These are the top mobile apps in just the United States.
Here are the trends that App Annie gave for different categories of mobile apps.
• Games accounted for 74% of consumer spend in app stores in 2018.
• Mobile gaming was the fastest growing sector of the gaming market, overtaking PC games and gaming consoles.
• China, the United States and Japan account for 75% of consumer spend on gaming mobile apps.
• Mobile shopping sessions were up 65% globally in the past two years.
• November 2018 was the biggest mobile shopping month in history.
• Mobile to make up 75% of total e-commerce transactions by 2021.
• Digital-only retailers had 3 times more sessions on their apps compared to bricks-and-clicks retailers like Nike, Target or Walmart.
• Peer-to-peer marketplaces like eBay were second most popular kind of retail app downloaded in 2018.
• Flash sales are becoming more popular. Alibaba’s Singles Day brought about $30.8 billion in spending, the largest single e-commerce day ever.
• 130 million hours were spent on mobile apps in the weeks revolving Black Friday and Cyber Monday.
• $5 billion was spent on mobile on Thanksgiving, Black Friday and Cyber Monday this year.
Restaurants and Food Delivery
• Consumer purchases of food and drinks via apps up 130% compared to 2016. Huge growth in both mature markets like France (325%) and emerging markets like India (300%).
• Uber Eats and Zomato were the top two food delivery apps in 2018 by downloads.
• Food delivery app growth totaled 900% in India, 255% in Canada and 175% in the United States from 2016.
• Restaurants and fast food chains using mobile apps mainly for loyalty programs.
Banking and Finance
• Global downloads of finance apps totaled 3.4 billion in 2018, up 75% from 2016.
• The average user checks their bank account mobile app on a daily basis.
• Growing popularity of banking apps and Fintech shows users increasingly willing to trust apps with sensitive information.
• Time spent on the top 5 video streaming apps up 140% in 2018 compared to 2016.
• YouTube is the most popular video streaming service in every country except China.
• 9 out of every 10 minutes of video streaming on apps is on YouTube.
• Amazon’s Twitch growing very fast, a reflection of how popular gaming has become.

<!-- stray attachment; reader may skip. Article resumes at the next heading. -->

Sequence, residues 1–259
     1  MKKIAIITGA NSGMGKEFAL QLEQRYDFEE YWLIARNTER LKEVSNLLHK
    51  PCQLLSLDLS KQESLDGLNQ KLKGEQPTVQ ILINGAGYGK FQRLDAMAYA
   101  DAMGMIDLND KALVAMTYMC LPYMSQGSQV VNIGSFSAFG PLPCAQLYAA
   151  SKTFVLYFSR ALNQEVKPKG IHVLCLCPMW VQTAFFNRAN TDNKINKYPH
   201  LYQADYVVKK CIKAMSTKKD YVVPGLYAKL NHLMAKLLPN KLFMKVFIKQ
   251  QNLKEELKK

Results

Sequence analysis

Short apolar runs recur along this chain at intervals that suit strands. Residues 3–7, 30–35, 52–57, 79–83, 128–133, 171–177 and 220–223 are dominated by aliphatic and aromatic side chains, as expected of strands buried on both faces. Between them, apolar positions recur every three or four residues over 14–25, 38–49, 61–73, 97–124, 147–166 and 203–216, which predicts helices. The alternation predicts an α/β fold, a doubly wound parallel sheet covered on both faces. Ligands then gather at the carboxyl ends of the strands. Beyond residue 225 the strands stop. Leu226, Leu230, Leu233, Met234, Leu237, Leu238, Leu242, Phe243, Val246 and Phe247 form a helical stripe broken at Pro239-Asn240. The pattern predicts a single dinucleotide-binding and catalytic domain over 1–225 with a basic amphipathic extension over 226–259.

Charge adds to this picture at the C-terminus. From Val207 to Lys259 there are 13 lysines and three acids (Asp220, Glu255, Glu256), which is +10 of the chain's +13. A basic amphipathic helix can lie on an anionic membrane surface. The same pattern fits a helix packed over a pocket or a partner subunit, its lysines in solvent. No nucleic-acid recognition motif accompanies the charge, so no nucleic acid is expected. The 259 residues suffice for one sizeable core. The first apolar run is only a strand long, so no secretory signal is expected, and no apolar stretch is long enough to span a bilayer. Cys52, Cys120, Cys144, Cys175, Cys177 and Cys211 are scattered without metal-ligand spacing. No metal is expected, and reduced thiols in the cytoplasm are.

• Netflix was the top app by consumer spending in nearly every country in 2018.
Social networking & messaging
• Over 685 billion hours were spent globally in social media apps in 2018, up 35% compared to 2016.
• WhatsApp Messenger was the most popular messaging app in 2018 measured by average monthly sessions per user. WhatsApp overtook Facebook by monthly active users in September 2018.
• Instragram had strongest user growth among social media and messaging apps at 35% from January 2017 to December 2018.
• Mobile sessions in travel and navigation apps grew 50% in 2018 compared to 2016. These include apps such as Airbnb, Google Maps or TripAdvisor.
• Micro-mobility apps such as bike-sharing and scooter-sharing apps had explosive growth in 2018. Car sharing apps have also seen huge growth.
• Airline app downloads increased 55% from 2016 to 2018.
• Dating apps are becoming the de-facto way people meet these days. Tinder remains the number one app, but a host of other competitors have come up in the past two years, such as Badoo and Bumble, where only women are allowed to send the first message.
• Tinder is second only to Netflix as the app with the most consumer spending in 2018.
Health and Fitness
• Health, fitness and nutrition apps have grown threefold since 2016, such as MyFitnessPal. Sleep apps that track the quality of people's sleep, meditation apps and yoga apps are also growing in popularity.
• Downloads of medical apps grew 35% worldwide.
Mobile App Advertising Trends
• 65% of iOS App Store downloads come from organic search in 2018.
• The most popular form of App Store Optimization (ASO) were changes to app description at 46%.
• Paid ads drove 15% more US downloads of games in 2018 compared to 2017.
• Total downloads for top apps from paid ads grew 10% year-on-year in the United States.
Is mobile app growth slowing?